It was difficult leaving Bud, my animals and home to go back to the trail. The day before I left, I felt like a brick was on my heart. I was depressed and I seriously contemplated not going back to the trail.
Bud drove me to the bus station, which was in Little Rock. It was a three hour drive to get there. We stopped at a place known for its smoked meat sandwiches. We had stopped there before and knew it was good. It was an afterthought to do so. I had already made some sandwiches to take on the bus, but these sandwiches were a treat. They had about an inch and a half of shaved smoked meat (I had turkey, Bud had ham) and a choice of smoked cheese (Bud got Swiss, I got cheddar.) We ate them on the way to Little Rock.
I’ve had several people who have asked about my bus ride. Unfortunately, it was quite unremarkable compared to my last bus ride. If you have never taken a long distance bus ride, you might not know that whenever the bus stops for a layover, everyone must get off the bus. So if the bus has a layover in Nashville at 1:30 a.m., that means if you are sleeping, you must wake up and go into a bus station and sit on a hard chair for an hour or more. If you have multiple stops, you don’t get much sleep. Not all bus stations have food, and if they do, it’s expensive…sort of comparable to eating at an amusement park.
As far as comfort, riding on the bus is like being on a plane. It’s impossible to be comfortable if you have a seat mate. You can’t relax without violating their personal space. I always got a window seat, so I could at least lean against the window to sleep. The other thing is that busses are COLD, just like planes.
My bus left at 4:00 in the afternoon and I didn’t arrive in Erwin, TN, until 9:00 the next morning. A shuttle I had scheduled met me there and then took me to Uncle Johnny’s, where I had gotten off the trail.
One other thing of note–the bus is not a friendly place. My friend, Little Bear, made an observation, which I really appreciated, because I had never really been able to articulate it. Hikers are a friendly lot! We form bonds quickly. Little Bear said it’s like being a kid again. When you meet a hiker, one of the first things you do is ask them what their trail name is. No one thinks twice about going up to someone they don’t know…someone who is twice older or younger than them, someone who is a different color or race, or someone from a different background, and starting a conversation by saying, “Hi! What’s your trail name?”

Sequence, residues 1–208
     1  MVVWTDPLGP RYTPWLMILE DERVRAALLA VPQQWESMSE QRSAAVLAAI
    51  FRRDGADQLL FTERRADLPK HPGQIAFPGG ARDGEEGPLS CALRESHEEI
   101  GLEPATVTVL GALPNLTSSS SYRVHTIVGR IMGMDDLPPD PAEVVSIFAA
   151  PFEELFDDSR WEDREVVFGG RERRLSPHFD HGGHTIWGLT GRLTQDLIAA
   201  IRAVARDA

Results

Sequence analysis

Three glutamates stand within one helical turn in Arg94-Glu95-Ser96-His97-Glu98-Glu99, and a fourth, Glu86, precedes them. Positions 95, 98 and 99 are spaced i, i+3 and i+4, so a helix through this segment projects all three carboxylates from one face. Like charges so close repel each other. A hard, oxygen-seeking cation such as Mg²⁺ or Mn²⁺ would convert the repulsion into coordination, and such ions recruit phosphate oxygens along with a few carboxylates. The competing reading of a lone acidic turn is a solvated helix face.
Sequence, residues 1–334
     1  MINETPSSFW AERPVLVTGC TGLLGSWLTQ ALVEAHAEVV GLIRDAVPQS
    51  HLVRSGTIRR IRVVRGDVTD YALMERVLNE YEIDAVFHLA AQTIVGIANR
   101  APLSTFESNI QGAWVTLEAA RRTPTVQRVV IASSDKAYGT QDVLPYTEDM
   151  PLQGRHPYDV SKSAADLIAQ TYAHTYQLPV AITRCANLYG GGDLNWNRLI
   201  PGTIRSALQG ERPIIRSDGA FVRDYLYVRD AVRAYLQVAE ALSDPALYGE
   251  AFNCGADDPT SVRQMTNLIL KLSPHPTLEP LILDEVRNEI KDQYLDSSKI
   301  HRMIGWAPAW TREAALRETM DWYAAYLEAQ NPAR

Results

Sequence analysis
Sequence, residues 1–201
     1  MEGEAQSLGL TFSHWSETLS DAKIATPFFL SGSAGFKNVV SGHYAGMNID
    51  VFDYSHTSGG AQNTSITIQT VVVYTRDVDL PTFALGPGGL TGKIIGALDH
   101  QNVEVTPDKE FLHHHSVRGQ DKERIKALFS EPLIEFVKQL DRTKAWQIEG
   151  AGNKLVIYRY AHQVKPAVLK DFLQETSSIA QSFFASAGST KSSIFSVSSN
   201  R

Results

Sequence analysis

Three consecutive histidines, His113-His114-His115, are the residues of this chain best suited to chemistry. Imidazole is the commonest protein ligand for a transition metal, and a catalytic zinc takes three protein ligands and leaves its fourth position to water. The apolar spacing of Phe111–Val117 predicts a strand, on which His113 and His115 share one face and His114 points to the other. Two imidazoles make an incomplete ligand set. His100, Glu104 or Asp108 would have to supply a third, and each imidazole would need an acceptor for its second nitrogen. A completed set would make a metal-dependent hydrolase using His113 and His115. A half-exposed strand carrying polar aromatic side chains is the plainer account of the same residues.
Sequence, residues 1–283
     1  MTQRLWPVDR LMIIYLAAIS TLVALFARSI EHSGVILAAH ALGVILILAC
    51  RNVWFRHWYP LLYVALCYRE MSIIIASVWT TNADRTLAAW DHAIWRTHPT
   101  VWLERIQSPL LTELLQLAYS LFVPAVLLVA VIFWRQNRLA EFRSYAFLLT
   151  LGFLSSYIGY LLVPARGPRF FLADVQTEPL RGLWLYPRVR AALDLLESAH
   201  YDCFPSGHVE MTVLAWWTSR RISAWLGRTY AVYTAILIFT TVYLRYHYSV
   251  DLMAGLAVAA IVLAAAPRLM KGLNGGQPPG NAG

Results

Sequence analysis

On the bus, as if it’s some unwritten rule, we barely look at each other and we certainly don’t talk to one another. Why is that? It’s as if once I get off the trail, there are invisible barriers between people. I’ve wondered about this a lot.
Hikers are open, for the most part. Is it because we are in survival mode? Is it because only certain types of people who are open like that like to hike? Is it because we are stripped bare out here, with all of the masks we wear OFF? Is it because we all stink, we all look bad, we all poop in the woods, so we are on the same playing field? Or is it because we all have the same goal…to make it to Katahdin…and that binds us together? If anyone has any insight, I’d love to hear your theories. I certainly feel free to ask someone their name out here, but not on the bus.
When I arrived at Uncle Johnny’s, I had to buy fuel (since I can’t travel with it) and I needed to eat breakfast and have coffee. The last bus station we stopped at didn’t have food. I met a friend at Uncle Johnny’s, who I had been leapfrogging on the trail. She is kind, generous, and funny. She had been there at Uncle J’s for about a week due to a foot issue. I talked to her for a while. She walked with me across the bridge and we said goodbye. I feel certain I will see Compass on the trail again, and if I don’t, I will be sad.
After I said goodbye to Compass, I crossed the street and stepped into the lush, green trail to continue my hike.